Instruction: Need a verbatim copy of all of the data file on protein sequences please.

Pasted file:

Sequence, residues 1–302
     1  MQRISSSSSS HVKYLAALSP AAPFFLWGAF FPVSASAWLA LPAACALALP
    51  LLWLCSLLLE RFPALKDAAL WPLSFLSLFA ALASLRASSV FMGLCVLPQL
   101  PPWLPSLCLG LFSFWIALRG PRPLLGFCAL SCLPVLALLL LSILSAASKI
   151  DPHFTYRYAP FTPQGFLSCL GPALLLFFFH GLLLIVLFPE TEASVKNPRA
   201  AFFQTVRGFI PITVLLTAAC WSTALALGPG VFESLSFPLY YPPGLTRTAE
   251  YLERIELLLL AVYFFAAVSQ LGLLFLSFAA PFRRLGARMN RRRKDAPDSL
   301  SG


Sequence, residues 1–302
     1  MQRISSSSSS HVKYLAALSP AAPFFLWGAF FPVSASAWLA LPAACALALP
    51  LLWLCSLLLE RFPALKDAAL WPLSFLSLFA ALASLRASSV FMGLCVLPQL
   101  PPWLPSLCLG LFSFWIALRG PRPLLGFCAL SCLPVLALLL LSILSAASKI
   151  DPHFTYRYAP FTPQGFLSCL GPALLLFFFH GLLLIVLFPE TEASVKNPRA
   201  AFFQTVRGFI PITVLLTAAC WSTALALGPG VFESLSFPLY YPPGLTRTAE
   251  YLERIELLLL AVYFFAAVSQ LGLLFLSFAA PFRRLGARMN RRRKDAPDSL
   301  SG